Overview of upcoming storm (Thursday 12:55 PM)
This continues to look like a high-impact and long-lasting storm for the Mid-Atlantic region that will include significant snow accumulations, some serious blowing and drifting, coastal flooding and beach erosion given the sustained and strong NE winds (plus full moon), and perhaps even some thunder snow and lightning. The expected arrival of the storm is as follows: DC 2-6pm, Philly 6-10pm, NYC 10pm-2am. Wind gusts could reach 70 mph at coastal locations by later Saturday and 50 mph at inland areas near I-95. There is a chance for a "changeover to" or a "mixing with" rain and/or sleet for awhile during this storm; primarily, to the south and east of the big cities. Also, given the expected long-period of strong winds and the possible mixture in some areas of snow and rain, power outages are a real concern as the weight may be too much for some tree limbs. The snow is likely to come down at varying rates on Saturday and Saturday night as small-scale or "mesoscale" banding is likely to set up given the dynamics involved with this unfolding system. The snow can fall heavily at times on Saturday and Saturday night with blizzard conditions and can also slacken off to “little or nothing” at times as well if a dry slot develops.
National Weather Service (NWS) updates
The Philly NWS has now posted “blizzard watches” for much of the Philly metro region and for virtually all of New Jersey. In the overnight hours, the NYC NWS placed the 5 boroughs of New York City and Long Island under “blizzard watches”. Finally, just in the last hour so, the DC NWS has changed their “blizzard watches” to “blizzard warnings” as they are now about 24 hours away from start time.
Latest computer forecast info
It continues to look like snowfall accumulations should generally range from 1-2+ feet in the DC-to-Philly-to-NYC corridor with the highest amounts in DC and the lowest around NYC. Specifically, an average of two feet is a reasonable estimate for the DC metro region with as much as 30 inches in spots around the District. Philly could end up in the middle of that range averaging 18" or so. The NYC metro region may be on the low end of that range with total snow amounts closer to one foot. The latest NOAA GFS and NAM computer forecast models (above) and European model (below) have continued to project an area of heavy snow accumulation in the I-95 corridor from DC-to-Philly-to-NYC.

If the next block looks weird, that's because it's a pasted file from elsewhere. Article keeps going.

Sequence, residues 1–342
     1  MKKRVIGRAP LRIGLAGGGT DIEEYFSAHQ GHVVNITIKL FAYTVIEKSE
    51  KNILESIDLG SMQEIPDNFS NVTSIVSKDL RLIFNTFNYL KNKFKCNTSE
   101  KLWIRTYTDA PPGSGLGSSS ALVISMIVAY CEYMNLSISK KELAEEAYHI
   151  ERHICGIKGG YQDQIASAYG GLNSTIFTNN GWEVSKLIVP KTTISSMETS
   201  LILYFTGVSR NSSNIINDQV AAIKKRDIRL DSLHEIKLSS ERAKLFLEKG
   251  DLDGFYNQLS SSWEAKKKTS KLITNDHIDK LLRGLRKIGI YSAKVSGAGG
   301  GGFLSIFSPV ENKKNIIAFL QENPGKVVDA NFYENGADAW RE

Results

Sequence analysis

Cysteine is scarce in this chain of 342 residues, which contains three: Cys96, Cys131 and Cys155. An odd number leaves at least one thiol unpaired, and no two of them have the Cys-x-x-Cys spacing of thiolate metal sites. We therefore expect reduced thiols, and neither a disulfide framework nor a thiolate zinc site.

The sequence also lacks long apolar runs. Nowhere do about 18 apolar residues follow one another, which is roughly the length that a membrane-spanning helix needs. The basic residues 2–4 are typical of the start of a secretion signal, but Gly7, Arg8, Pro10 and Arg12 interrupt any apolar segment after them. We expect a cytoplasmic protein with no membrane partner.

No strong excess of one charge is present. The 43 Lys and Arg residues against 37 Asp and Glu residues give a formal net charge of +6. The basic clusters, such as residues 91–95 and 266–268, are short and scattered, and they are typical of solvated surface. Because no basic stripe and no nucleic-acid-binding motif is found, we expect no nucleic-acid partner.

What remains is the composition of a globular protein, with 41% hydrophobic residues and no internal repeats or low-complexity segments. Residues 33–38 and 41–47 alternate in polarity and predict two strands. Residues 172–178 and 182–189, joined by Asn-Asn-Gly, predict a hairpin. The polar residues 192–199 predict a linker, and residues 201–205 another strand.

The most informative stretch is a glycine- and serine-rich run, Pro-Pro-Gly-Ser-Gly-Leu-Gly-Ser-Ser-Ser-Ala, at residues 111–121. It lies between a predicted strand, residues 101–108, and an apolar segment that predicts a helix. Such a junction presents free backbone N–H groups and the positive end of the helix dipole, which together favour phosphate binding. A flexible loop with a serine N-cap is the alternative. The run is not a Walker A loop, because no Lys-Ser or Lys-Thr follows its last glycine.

One of the final important questions that we’ll have to answer in the next 24 hours or so is “will there be an extremely sharp snow accumulation gradient on the northern side of the storm” as suggested by some of the models. If so, then there can be a quick drop off of snowfall as one goes to the north in areas like NYC and central PA. The one consistent thing in the computer models all week has been the “bullseye” region for the heaviest snowfall - and that is the DC metro region.
DC snowstorm history
One final note for Washington, D.C.: the biggest snowstorm in DC recorded history is known as the "Knickerbocker Blizzard" of January 1922 (1/27-1/28) when 28 inches was recorded. It was called the Knickerbocker Blizzard as it was named after the theater that collapsed due to the heavy snow accumulation. The flat roof of the Knickerbocker Theater - the largest and newest movie house in D.C. at the time - collapsed during a Jan. 28 evening showing of the silent film "Get-Rich-Quick Wallingford," killing 98 people and injuring 133. This long-standing snowstorm record is in jeopardy.
Stay tuned for updates and prepare – it could be one of the all-time greats.
Meteorologist Paul Dorian